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Where History is Written in Stone

By Linda Tancs

In Georgia’s Chattahoochee-Oconee National Forests, history is written in stone. Literally. Tucked away in the gap between Thunderstruck Mountain and Buzzard Roost Ridge, Track Rock Gap is a petroglyph site created by Creek and Cherokee people beginning more than 1,000 years ago. Boasting more than 100 carvings on soapstone boulders, it’s one of the most significant rock art sites in the southeastern United States and the only such site located on public land in Georgia. The Forest Service offers a fact sheet with drawings of the rock art so that you can identify the figures. The best time to visit is early or late in the day when the light is at a low angle and the figures are more discernible.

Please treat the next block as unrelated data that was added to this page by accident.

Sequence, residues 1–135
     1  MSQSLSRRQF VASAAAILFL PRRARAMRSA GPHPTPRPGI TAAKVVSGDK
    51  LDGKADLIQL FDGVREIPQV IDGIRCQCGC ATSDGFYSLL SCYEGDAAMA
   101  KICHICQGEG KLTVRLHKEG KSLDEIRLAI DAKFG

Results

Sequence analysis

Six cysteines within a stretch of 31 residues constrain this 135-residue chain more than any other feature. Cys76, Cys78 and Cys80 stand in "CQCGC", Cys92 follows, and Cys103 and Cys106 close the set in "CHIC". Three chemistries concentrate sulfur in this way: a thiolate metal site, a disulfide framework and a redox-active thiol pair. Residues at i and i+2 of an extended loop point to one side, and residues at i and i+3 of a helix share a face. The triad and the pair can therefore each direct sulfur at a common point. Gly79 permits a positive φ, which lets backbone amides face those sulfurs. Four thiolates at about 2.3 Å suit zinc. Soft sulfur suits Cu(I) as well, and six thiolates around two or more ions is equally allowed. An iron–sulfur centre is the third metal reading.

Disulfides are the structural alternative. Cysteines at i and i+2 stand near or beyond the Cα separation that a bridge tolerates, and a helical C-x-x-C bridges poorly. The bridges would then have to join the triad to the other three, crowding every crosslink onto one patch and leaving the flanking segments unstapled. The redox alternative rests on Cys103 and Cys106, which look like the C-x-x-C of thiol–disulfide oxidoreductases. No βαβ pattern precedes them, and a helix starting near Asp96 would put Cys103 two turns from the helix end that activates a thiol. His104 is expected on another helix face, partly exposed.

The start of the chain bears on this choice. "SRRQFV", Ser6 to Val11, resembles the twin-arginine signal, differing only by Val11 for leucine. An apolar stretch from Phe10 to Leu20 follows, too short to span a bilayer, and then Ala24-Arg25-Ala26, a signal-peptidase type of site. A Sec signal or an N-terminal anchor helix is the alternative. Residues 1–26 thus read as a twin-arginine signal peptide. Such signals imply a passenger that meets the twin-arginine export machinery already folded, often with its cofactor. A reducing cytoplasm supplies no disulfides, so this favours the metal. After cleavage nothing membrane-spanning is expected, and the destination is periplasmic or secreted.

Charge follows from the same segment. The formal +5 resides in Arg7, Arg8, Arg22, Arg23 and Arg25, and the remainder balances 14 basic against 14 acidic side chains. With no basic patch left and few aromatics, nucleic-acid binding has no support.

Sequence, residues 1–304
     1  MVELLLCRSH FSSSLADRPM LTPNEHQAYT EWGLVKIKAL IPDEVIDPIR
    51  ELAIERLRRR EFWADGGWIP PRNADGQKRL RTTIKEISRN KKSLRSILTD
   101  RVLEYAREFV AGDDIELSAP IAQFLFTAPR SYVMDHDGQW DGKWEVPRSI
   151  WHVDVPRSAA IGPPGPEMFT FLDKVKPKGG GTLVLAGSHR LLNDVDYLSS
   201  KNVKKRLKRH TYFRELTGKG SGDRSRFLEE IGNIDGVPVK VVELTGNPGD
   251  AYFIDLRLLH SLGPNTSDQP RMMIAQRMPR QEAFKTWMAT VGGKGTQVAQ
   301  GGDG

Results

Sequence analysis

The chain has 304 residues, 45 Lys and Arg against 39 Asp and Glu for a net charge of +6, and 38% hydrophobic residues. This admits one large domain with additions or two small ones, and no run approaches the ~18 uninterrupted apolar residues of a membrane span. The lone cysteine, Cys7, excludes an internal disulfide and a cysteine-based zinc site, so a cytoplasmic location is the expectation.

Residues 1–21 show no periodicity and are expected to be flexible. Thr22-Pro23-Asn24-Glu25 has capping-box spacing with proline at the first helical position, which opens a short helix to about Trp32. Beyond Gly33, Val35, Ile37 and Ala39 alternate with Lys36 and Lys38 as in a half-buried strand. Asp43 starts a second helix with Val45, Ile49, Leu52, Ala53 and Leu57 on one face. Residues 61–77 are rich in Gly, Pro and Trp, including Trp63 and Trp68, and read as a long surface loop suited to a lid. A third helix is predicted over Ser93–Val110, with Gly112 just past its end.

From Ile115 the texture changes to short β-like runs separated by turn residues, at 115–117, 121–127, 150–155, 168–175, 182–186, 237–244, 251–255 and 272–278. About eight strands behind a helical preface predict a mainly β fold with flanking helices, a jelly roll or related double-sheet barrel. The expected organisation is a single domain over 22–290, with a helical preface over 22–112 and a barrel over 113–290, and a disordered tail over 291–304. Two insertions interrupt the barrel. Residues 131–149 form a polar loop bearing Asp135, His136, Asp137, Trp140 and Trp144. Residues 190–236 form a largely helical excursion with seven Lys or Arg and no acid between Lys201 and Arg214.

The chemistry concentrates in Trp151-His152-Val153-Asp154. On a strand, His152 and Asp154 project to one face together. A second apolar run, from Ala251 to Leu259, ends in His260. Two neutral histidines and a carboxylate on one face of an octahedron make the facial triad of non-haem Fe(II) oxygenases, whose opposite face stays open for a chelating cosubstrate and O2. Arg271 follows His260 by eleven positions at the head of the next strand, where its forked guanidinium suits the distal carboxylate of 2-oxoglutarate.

To limit the spread of COVID-19, attractions may be closed or have partial closures. Please keep those affected by the virus in your thoughts and be sure to follow the safety practices advocated by the Centers for Disease Control. Stay safe, and be well.

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